The U.S. Environmental Protection Agency adopted the Clean Power Plan through a multi-year stakeholder process that drew heavily on the experience of states and utilities in reducing power plant greenhouse gas emissions. A number of states have already taken a leading role in reducing greenhouse gas emissions by moving forward with their own programs. These states recognize that, on such a crucial issue that is already costing taxpayers billions of dollars in storm response and other costs, state action alone will not be enough and strong federal actions like the Clean Power Plan are needed.

In November 2015, a coalition of 25 states, cities and counties, which I led, intervened in defense of the Clean Power Plan against legal challenge in the DC Circuit Court of Appeals. The court heard oral argument en banc for a full day in late September; a decision is expected soon.

On Dec. 29, 2016, a broad coalition of states and localities called on President-Elect Trump to continue the federal government's defense of the Clean Power Plan in a letter, urging him to reject "misguided advice" from a group of Attorneys General led by West Virginia to discard the Clean Power Plan.

A quick overview of the Trump administration's pro-fossil fuel agenda and its roster of climate-denying oil and gas cronies in cabinet seats could lead anyone to believe that matters of energy policy are more partisan than ever. And indeed, it's clear that at the national level, the Republican Party as a whole is still largely committed to an antiquated and thoroughly dangerous plan to keep the country hooked on fossil fuels indefinitely.

Yet suddenly, the old rules do not apply. Maryland's state legislature has passed a ban on fracking, which, with the blessing of the Republican governor of the state, is expected to be signed into law any day now. This twist shows fracking is not a partisan issue and puts additional pressure on Democratic leaders to actually lead to protect our communities or air and water and our climate—and oppose fracking.

Earlier this month, Maryland Gov. Larry Hogan (R) had this to say about fracking:

"The possible environmental risks of fracking simply outweigh any potential benefits ... I've decided that we must take the next step and move from virtually banning fracking to actually banning fracking."

It's Not Just Maryland: Florida's Bi-Partisan Ban Bill Moving

Now, for the first time, a Republican governor has listened to the science and popular opinion by declaring opposition to fracking. In so doing, he has not just toppled a wall of partisanship on the issue in the state, but also made it impossible for the undecided Senate Democratic leadership to do anything but pass a ban on fracking.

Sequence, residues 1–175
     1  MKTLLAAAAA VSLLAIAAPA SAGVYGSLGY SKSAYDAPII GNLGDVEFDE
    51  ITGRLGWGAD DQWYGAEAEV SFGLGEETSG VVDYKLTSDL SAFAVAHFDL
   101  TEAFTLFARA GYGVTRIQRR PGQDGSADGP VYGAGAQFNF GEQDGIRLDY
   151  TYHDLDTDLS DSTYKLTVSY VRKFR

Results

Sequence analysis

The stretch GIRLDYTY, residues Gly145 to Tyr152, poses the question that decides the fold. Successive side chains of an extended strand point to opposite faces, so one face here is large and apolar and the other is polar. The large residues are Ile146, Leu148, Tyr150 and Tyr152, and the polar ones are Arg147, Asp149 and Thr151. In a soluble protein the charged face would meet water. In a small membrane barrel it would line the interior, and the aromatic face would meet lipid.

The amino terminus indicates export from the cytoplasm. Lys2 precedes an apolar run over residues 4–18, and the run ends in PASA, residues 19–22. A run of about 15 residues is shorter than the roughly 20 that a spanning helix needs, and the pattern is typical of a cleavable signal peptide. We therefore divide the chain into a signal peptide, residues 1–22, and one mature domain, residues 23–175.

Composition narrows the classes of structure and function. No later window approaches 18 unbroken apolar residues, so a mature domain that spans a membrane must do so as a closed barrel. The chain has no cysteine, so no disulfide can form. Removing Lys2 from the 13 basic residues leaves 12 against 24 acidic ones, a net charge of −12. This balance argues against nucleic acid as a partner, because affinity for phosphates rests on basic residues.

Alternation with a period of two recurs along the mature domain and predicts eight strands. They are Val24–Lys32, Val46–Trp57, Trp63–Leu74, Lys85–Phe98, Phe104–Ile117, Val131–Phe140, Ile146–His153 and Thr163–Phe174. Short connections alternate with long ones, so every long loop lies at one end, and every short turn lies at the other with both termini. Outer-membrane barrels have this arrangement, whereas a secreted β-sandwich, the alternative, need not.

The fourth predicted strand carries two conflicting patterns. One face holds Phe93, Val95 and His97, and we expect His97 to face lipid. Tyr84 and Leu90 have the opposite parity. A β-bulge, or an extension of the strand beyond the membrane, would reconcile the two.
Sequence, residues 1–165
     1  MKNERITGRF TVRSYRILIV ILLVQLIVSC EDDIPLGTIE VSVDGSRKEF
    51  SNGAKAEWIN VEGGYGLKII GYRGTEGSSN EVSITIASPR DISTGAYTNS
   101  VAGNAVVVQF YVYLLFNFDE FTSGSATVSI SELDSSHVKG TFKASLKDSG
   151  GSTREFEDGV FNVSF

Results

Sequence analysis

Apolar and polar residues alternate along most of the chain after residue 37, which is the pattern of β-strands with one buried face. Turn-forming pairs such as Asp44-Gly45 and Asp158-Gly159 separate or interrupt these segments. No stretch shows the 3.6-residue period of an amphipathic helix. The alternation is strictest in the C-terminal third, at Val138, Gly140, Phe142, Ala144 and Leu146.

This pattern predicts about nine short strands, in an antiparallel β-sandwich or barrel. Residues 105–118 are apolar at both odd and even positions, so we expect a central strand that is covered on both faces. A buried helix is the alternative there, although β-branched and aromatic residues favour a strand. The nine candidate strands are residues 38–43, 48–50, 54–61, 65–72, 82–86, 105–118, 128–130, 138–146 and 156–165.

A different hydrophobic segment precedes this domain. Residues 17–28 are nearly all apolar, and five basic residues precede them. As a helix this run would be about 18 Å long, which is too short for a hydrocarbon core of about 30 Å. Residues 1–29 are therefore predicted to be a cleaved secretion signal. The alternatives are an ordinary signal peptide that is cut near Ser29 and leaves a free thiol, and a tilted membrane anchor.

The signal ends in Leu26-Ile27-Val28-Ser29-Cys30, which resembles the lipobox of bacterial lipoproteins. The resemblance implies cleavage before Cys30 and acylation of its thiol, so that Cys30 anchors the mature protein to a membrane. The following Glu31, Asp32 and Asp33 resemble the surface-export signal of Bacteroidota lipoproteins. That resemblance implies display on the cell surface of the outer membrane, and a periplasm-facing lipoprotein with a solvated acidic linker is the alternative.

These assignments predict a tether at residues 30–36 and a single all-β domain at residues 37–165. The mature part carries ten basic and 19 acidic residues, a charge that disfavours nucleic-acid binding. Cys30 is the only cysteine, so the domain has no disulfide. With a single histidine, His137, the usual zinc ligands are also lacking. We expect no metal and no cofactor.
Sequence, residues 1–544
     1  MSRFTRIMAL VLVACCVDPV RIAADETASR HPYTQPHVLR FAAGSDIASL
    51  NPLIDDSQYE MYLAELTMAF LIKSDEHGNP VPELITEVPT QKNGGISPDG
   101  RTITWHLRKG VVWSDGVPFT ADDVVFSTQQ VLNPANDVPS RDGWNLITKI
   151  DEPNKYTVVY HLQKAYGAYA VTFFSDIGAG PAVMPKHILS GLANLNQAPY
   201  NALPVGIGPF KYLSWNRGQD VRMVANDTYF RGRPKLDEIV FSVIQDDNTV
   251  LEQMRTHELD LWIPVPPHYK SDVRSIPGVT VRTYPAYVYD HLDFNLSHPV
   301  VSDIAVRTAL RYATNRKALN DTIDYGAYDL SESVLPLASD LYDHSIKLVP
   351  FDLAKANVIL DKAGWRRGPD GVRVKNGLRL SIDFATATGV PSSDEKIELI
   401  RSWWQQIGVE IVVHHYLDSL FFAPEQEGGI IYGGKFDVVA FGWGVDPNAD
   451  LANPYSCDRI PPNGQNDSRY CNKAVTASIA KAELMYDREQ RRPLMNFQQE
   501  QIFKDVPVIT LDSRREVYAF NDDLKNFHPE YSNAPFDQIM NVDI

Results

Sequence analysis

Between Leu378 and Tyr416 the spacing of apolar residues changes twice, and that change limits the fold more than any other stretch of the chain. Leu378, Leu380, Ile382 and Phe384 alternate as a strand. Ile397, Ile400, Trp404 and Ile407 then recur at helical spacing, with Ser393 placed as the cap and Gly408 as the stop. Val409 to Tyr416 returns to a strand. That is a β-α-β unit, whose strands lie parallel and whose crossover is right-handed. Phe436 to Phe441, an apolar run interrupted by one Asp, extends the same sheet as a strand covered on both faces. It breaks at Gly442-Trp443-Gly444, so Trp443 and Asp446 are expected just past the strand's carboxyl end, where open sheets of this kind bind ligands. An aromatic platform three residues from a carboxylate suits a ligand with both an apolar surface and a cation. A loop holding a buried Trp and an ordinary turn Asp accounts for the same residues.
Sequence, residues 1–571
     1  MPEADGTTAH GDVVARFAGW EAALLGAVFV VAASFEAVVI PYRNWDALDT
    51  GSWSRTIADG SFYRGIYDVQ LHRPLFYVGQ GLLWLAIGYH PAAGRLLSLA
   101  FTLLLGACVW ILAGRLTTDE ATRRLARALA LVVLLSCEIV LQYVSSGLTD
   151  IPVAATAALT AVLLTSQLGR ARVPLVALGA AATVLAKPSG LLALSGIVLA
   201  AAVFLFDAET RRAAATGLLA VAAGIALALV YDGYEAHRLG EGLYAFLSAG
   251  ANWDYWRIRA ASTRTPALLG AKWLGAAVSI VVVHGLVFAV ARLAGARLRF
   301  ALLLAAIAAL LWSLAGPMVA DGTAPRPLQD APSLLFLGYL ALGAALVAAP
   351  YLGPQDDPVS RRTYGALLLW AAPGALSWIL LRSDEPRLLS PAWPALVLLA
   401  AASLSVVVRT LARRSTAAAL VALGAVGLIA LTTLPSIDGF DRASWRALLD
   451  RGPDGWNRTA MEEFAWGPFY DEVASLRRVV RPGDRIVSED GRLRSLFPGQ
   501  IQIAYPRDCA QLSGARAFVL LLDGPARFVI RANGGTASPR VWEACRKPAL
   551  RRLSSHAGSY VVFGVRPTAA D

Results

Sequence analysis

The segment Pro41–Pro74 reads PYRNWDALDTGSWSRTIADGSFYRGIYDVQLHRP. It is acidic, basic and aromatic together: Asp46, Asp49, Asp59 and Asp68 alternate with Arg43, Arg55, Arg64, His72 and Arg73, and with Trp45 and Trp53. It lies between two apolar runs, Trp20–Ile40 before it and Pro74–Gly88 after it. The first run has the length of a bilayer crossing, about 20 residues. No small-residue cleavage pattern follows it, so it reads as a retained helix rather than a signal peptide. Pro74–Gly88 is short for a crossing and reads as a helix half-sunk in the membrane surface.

But Republican support for banning fracking is not just limited to Maryland. In Florida, bills have been introduced in both houses by Republicans with a bi-partisan group of co-sponsors to ban fracking in a state. The Senate bill has already advanced through its first committee by a unanimous vote and support for both bills continue to grow.

Maryland's Ban Another Milestone for the Movement

Maryland's ban on fracking will mark the latest in a series of recent milestones for the anti-fracking movement, each pointing to steadily evolving politics on the issue:

New York

The first milestone came when Gov. Andrew Cuomo banned fracking in New York at the end of 2014. Vermont had banned fracking earlier, in what was an important but largely symbolic political statement given that the state does not have gas reserves. New York, though, with its large swath of rural land sitting above the Marcellus shale formation (which also runs under western Maryland), was very much desired by the fracking industry. In response, Food & Water Watch joined with hundreds of local groups to form a robust statewide coalition, New Yorkers Against Fracking, that coordinated an unprecedented multi-year grassroots campaign to ban fracking there.

In the end, Gov. Cuomo was compelled to ban fracking not just by a thorough examination of the science and facts on the hazardous practice—which his Department of Health dutifully undertook—but also by the overwhelming grassroots movement that had emerged around the issue. A huge corner had been turned: For the first time in America, fracking was banned in a place where it was otherwise very likely to happen. Additionally, the anti-fracking movement finally had a leader of national prominence willing to stand up to the fossil fuel industry and say "no."

The 2016 Presidential Race